By 1900 Calcutta is estimated to have been home to 20,000 Europeans and silverware in its colonial form was widely produced. Little is known of the Calcutta silversmiths Lattey Brothers although it is known that Hamilton & Co. was the first British silversmith to set up shop in Calcutta. Later local silversmiths such as Grish Chunder Dutt and Dass & Dutt, settled in nearby Bhowanipore producing various objects to satisfy both local and European taste.
Hookahs were considered to be part of the entertainment and leisure life of India as smoking hookahs was used to entertain households and social gatherings. They were produced in different parts of India using different materials some of which were expensive and luxurious and sometimes decorated and embossed with precious and semiprecious stones. The more expensive ones were produced from gold and silver and were aimed at serving the Indian elite society and the Europeans who lived in India.
This magnificent and very rare repousse silver complete hookah set was made in the 19th century in Calcutta by the British silversmiths Lattey Brothers and is a superb example of colonial Indian silver work. To find the complete set is quite rare as pieces get lost or damaged with the passage of time. The hookah dismantles into six separate pieces: the base (kali), the stem, which comes in two sections, one end is attached to the base and the other two separate pipes tops are attached one to the tobacco bowl (chilim or chilam) and its ornate lid (chilam push), and the other pipe is attached with the fixable snake-shaped tube, which commonly known as the snake, the tube is finely attached with the detachable carved and faceted agate mouthpiece. The mouthpiece is detachable from the snake-shaped tube and individuals who smoke the hookah each have their own piece that they use rather than use a common mouthpiece, which is more hygienic. All six pieces fit tightly together.
The extremely fine repousse parcel-gilt silver was made in a hybrid style combining both Indian and European taste. The artist had deliberately gilded the embossed decoration with high carat gold water on a plain silver background producing a vivid contrast.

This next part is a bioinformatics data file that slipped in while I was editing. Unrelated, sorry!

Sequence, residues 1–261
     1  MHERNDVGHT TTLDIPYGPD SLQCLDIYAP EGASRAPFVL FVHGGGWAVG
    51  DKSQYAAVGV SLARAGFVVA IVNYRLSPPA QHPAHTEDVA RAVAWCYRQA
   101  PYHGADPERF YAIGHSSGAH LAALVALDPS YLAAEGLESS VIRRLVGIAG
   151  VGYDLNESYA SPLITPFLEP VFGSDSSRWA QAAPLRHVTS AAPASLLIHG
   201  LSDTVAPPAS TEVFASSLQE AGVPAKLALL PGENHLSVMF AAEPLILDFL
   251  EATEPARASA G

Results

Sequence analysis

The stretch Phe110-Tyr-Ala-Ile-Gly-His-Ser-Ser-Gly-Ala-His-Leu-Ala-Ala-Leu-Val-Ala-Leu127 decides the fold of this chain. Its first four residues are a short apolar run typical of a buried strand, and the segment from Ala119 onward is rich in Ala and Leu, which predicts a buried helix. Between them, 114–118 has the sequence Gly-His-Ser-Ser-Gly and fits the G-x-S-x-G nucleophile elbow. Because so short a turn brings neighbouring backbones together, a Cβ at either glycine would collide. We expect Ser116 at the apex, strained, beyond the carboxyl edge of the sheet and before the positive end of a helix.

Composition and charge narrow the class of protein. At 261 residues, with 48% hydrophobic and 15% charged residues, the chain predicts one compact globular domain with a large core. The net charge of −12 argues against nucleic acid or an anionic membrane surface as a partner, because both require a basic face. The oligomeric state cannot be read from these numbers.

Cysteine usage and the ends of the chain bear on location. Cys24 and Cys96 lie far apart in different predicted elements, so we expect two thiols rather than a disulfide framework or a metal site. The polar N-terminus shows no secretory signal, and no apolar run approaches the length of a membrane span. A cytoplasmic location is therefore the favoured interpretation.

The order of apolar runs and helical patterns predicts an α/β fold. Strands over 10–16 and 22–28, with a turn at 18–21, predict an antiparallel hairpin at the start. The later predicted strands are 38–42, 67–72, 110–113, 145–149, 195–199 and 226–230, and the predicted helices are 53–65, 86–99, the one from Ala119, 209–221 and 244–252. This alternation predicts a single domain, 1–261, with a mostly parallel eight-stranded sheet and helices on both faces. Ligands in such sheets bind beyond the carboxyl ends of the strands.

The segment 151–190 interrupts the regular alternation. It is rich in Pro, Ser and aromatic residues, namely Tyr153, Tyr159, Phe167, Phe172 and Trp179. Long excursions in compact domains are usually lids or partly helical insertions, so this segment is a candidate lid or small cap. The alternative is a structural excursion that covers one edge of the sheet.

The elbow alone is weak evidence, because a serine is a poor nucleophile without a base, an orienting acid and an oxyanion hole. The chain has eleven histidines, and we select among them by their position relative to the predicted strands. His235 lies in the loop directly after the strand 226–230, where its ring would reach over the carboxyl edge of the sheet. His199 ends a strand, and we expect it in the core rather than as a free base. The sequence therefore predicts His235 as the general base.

The silversmith had used both the repousse and open work techniques in the making of the tobacco bowl (chilim or chilam) and cover. The bowl is designed in the form of a poppy pod covered with the finest chased floral scrollwork with an acanthus design leading up from the stem. The cover of the bowl is decorated with lion heads (lions are usually associated with royalty, power and high social status) and has an acorn shaped finial that is attached to the bowl with a chain with additional chains suspending decorations of tiny fish, crescent moons and blossoms.
The two stems, one leading to the bowl, the other to the pipe, have been delicately decorated at their centres with finest gilt acanthus leaves.
The maker’s mark of LB&Co English pseudo-hallmarks of
Lattey Brothers, Calcutta, 19th c., is stamped at the lower round disk base that holds the two gilt-silver stems or pipes.
The base is a traditional round shape with a flat base of solid silver covered in chased repoussé gilt designs of beautifully executed lion heads amongst gilt floral scroll. The scrolling foliage is a common Indian and European design with a scallop shape motifs more in common with 17th and 18th century European decoration while the lion heads reinforce both the colonial neo-classical and Indian influence. The top of the base has a further wide and finely chased acanthus leaf border, again highlighted in gold.